Free range chickens are great for the small scale grower or modern day homesteader for their eggs, bug control, funny antics and sometimes meat. One thing to be aware of is some of the dangers that face chickens, such as coyotes, dogs or hawks. Ravens are very fond of the eggs, often waiting until they know that a fresh egg is available and swooping down to carry off a tasty snack.
Another danger has recently re-surfaced on a free range chicken farm in Denmark. A pathogen that is commonly carried by horses has been shown to be the cause of a deadly outbreak of respiratory illness in the chickens. The bacteria Streptococcus equi zooepidemicus, often shortened to “Strep zoo” will colonize the skin and respiratory tracts of horses. It can cause pneumonia, strangles and other diseases, but also can be inactive in the horse, never showing signs or causing illness. These “silent carrier” horses can spread the pathogen within their area and to other animals. This is a prime reason for once or twice a year vet visits for your horses, as the vet will know what diseases are active in the immediate and surrounding areas along with what methods are best used to counteract them.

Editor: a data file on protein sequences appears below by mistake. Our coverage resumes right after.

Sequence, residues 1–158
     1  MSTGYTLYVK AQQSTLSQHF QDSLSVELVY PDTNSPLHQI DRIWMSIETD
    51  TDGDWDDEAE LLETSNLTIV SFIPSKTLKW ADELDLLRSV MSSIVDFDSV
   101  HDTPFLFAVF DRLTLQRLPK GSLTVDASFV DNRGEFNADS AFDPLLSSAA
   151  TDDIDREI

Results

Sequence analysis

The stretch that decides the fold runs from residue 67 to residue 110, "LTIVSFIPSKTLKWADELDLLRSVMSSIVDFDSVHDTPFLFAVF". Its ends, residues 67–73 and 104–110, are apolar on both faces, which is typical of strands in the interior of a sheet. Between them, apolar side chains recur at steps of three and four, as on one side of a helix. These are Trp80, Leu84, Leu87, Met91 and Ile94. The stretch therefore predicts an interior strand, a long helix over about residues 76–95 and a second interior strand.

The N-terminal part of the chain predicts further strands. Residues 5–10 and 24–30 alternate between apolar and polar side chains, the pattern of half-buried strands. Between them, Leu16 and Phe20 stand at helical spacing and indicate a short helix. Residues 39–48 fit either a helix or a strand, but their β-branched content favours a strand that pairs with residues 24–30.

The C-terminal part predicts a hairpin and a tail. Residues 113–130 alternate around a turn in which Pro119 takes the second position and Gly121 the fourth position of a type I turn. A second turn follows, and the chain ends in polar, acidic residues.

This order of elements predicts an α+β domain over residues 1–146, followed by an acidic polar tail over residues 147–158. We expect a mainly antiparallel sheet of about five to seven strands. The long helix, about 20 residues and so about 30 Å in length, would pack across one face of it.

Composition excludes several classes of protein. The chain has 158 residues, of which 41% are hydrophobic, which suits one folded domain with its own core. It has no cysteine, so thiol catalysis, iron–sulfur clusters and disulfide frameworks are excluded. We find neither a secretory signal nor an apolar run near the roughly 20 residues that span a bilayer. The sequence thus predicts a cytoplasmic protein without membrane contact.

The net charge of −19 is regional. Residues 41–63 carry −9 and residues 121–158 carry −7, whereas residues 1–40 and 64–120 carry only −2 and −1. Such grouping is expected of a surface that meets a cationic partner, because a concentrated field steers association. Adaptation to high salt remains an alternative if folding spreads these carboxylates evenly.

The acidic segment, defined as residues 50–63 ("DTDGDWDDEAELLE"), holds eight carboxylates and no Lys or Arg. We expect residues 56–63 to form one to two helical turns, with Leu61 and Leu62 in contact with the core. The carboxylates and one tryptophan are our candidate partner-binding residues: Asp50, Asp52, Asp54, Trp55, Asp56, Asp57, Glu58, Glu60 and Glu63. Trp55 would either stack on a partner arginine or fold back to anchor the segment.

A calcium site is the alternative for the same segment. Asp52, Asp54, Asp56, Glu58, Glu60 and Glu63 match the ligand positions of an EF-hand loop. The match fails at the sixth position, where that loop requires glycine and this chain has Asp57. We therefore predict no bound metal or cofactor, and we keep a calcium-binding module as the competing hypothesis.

A large free-range poultry farm in Denmark had 80% of their chickens die over a four month series of outbreaks of respiratory illness. After laboratory testing at the University of Copenhagen traced the disease to the herd of horses living on the same property, researchers found that separating the horses from the chickens is one of the best methods of preventing the spread of the disease.
Outbreaks of Strep zoo in poultry have been very rare in recent decades, mainly due to the decline of the small farm with its varied populations of animals. With the increasing popularity and economic viability of the diversified small farms returning, we must be careful not to repeat the hard lessons learned by our grandparents and great-grandparents. This is just such one lesson; that of keeping the poultry separated from any direct contact with horses. The Strep zoo bacteria is a respiratory illness, so secondary contact should be fine, such as chickens pecking through the horse manure to control flies.